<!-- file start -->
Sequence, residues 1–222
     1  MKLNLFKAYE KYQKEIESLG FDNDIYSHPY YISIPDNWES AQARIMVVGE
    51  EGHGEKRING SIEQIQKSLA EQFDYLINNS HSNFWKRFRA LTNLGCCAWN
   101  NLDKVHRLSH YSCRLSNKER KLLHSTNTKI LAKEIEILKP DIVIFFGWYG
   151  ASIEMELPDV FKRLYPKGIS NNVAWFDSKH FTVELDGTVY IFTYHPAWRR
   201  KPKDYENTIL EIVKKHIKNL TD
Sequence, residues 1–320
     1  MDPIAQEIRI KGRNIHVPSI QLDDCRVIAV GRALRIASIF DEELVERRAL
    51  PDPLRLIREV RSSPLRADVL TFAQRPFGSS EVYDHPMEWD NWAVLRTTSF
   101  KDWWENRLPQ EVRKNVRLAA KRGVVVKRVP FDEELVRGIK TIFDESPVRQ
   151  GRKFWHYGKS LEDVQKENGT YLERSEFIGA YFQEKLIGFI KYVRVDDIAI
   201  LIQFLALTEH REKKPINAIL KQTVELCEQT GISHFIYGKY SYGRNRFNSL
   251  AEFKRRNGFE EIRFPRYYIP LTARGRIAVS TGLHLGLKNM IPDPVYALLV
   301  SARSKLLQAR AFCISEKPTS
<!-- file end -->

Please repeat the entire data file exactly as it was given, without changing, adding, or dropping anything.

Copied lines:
Sequence, residues 1–222
     1  MKLNLFKAYE KYQKEIESLG FDNDIYSHPY YISIPDNWES AQARIMVVGE
    51  EGHGEKRING SIEQIQKSLA EQFDYLINNS HSNFWKRFRA LTNLGCCAWN
   101  NLDKVHRLSH YSCRLSNKER KLLHSTNTKI LAKEIEILKP DIVIFFGWYG
   151  ASIEMELPDV FKRLYPKGIS NNVAWFDSKH FTVELDGTVY IFTYHPAWRR
   201  KPKDYENTIL EIVKKHIKNL TD
Sequence, residues 1–320
     1  MDPIAQEIRI KGRNIHVPSI QLDDCRVIAV GRALRIASIF DEELVERRAL
    51  PDPLRLIREV RSSPLRADVL TFAQRPFGSS EVYDHPMEWD NWAVLRTTSF
   101  KDWWENRLPQ EVRKNVRLAA KRGVVVKRVP FDEELVRGIK TIFDESPVRQ
   151  GRKFWHYGKS LEDVQKENGT YLERSEFIGA YFQEKLIGFI KYVRVDDIAI
   201  LIQFLALTEH REKKPINAIL KQTVELCEQT GISHFIYGKY SYGRNRFNSL
   251  AEFKRRNGFE EIRFPRYYIP LTARGRIAVS TGLHLGLKNM IPDPVYALLV
   301  SARSKLLQAR AFCISEKPTS